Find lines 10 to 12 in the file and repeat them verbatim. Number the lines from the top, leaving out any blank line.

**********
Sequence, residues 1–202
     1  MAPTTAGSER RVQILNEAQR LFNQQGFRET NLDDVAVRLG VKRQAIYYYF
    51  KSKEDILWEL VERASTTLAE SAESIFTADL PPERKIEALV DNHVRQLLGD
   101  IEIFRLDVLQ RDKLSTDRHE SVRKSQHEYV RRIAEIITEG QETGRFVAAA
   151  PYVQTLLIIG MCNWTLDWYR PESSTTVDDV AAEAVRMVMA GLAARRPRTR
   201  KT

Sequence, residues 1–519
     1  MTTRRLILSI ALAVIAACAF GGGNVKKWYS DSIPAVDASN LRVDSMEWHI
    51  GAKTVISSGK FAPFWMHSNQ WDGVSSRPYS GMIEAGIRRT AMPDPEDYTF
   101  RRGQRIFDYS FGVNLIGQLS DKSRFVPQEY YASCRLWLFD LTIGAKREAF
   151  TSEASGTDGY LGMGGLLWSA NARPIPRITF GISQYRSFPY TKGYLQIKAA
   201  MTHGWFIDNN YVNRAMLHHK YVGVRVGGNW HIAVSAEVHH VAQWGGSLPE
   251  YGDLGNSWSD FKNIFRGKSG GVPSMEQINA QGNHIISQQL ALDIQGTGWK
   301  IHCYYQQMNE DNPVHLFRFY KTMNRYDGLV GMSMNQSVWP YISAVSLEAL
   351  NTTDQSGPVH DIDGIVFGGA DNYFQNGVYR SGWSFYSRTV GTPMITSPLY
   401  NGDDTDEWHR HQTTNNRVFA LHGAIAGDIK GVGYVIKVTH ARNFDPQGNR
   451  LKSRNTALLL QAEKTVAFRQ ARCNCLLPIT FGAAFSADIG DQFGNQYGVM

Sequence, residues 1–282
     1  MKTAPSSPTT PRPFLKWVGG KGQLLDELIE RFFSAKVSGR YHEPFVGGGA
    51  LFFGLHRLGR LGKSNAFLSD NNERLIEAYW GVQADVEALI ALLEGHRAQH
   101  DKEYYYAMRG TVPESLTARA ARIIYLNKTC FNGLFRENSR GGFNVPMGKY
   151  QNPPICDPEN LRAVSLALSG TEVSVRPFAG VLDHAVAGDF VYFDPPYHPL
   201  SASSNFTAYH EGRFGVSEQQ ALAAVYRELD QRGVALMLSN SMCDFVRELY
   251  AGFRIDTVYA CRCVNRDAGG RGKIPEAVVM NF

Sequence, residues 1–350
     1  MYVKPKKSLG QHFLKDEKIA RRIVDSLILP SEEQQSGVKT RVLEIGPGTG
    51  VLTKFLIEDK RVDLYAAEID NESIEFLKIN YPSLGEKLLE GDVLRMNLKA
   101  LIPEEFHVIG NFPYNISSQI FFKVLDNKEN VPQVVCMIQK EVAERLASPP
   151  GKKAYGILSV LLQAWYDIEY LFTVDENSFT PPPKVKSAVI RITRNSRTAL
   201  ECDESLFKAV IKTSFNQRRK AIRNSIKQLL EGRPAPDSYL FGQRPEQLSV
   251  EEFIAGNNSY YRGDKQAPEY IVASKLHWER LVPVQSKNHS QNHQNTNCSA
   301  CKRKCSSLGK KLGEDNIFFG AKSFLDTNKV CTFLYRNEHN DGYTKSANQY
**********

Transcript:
   101  RRGQRIFDYS FGVNLIGQLS DKSRFVPQEY YASCRLWLFD LTIGAKREAF
   151  TSEASGTDGY LGMGGLLWSA NARPIPRITF GISQYRSFPY TKGYLQIKAA
   201  MTHGWFIDNN YVNRAMLHHK YVGVRVGGNW HIAVSAEVHH VAQWGGSLPE